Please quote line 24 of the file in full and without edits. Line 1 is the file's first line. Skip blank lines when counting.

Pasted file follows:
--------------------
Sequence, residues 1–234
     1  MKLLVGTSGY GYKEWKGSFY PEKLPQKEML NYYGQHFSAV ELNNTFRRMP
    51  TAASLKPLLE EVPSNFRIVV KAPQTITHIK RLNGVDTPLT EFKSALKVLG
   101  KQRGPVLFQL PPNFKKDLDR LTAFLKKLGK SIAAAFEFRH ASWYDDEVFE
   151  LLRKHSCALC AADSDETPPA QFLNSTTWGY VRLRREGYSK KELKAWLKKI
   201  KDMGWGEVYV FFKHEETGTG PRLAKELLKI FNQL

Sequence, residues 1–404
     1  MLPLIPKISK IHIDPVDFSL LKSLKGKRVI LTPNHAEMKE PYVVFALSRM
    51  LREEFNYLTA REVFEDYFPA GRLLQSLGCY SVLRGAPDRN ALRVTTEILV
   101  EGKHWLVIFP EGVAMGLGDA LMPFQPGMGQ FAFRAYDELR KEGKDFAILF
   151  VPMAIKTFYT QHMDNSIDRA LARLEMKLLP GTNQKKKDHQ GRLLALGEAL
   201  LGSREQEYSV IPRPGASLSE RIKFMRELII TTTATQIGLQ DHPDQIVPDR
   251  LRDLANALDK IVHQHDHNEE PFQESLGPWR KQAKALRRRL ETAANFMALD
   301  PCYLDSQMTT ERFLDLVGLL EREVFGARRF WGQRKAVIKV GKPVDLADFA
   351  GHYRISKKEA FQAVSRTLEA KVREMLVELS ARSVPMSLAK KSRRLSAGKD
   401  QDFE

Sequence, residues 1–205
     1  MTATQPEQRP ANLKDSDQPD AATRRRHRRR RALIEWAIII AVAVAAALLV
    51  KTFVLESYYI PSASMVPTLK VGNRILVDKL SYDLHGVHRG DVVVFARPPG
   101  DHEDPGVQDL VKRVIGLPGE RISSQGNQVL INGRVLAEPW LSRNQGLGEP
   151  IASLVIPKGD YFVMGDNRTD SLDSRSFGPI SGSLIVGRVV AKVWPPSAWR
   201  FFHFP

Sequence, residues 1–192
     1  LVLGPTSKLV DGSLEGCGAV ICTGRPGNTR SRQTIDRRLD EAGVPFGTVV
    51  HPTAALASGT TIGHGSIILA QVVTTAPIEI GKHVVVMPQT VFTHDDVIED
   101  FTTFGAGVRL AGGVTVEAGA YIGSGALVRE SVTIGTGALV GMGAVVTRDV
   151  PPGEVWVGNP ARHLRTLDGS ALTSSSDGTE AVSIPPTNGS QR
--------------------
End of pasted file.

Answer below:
     1  LVLGPTSKLV DGSLEGCGAV ICTGRPGNTR SRQTIDRRLD EAGVPFGTVV